Here's an idea that seems to be gathering steam online - but will you be applying it to your family Christmas this year?
In a nutshell, the idea is that you all agree to only buy gifts for the children in your family, and not the adults. So no more socks for your brother in law, or multipack of smellies from your cousin. Just toys for the kids and good cheer for everyone else. It's simplifying Christmas and saving money and time for everyone.
The idea is being driven by Martin Lewis of the Money Saving Expert Website, who's encouraging us to sign a Pre-Christmas NUPP (No Uneccessary Present Pact).
But to make it work, everyone in the family needs to agree.
The sentiments behind this are a combination of the fact that many of us have less to spend this year, but already have too much stuff cluttering up our homes. Christmas seems to have become more commercialised than ever, and adults are probably better off choosing their own stuff than buying pointless gifts that may not be appreciated.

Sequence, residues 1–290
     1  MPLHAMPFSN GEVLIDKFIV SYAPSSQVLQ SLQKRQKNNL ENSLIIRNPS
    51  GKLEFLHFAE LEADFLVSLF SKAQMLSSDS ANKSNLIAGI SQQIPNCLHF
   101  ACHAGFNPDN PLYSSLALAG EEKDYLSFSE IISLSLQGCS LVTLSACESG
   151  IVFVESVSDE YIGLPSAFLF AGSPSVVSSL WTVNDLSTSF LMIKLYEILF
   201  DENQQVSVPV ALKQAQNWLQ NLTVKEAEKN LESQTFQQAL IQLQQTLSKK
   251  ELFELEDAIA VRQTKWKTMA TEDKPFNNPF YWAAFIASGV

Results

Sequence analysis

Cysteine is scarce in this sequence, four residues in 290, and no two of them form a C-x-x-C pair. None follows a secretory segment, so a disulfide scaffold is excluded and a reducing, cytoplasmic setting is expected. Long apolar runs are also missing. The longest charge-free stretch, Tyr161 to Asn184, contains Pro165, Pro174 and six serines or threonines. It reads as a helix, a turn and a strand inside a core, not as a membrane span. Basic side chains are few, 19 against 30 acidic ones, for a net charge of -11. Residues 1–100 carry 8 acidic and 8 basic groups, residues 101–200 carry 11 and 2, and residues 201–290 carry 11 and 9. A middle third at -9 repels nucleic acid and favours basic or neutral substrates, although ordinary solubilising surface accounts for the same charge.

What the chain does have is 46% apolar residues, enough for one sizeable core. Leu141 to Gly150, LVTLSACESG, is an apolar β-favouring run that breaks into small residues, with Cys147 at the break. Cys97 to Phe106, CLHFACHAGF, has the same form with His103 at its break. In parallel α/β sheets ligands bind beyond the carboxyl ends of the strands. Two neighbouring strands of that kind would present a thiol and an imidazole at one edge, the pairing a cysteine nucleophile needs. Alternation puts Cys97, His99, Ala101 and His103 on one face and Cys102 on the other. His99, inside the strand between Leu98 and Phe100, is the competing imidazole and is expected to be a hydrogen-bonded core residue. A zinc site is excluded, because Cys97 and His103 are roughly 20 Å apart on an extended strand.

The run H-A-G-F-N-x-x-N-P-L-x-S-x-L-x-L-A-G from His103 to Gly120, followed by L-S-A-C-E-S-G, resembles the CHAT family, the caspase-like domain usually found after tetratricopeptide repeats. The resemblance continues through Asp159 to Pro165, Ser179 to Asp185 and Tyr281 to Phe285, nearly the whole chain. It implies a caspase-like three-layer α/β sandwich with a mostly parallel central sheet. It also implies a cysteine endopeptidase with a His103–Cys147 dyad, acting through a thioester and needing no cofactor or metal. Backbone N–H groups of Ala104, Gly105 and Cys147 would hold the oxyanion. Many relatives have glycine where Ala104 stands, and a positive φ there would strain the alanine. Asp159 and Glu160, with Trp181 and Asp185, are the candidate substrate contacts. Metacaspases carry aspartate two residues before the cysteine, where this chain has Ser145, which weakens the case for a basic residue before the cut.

Another variation on this theme is to scale down adult presents, and agree to spend no more than £5 or £10 per person. Or some families draw names out of a hat, so that each only buys for one person, but spends a bit more on them. This site is a good way to organise a group Secret Santa. Another option would to agree to send only charity gifts such as these, but I think you have to tread carefully with this option as people have wildly different priorities when it comes to the charities they support.
Either way, if you want to introduce one of these schemes to your family, now is the time to do it. Even if you're not an early shopper, many people are, and will already have started their festive spending. Martin Lewis suggests you send an email like this one to make your intentions clear to your family.
What do you think? Should we stop buying adult Christmas presents? Would you miss having gifts to unwrap? Have Christmas presents become too much pressure?
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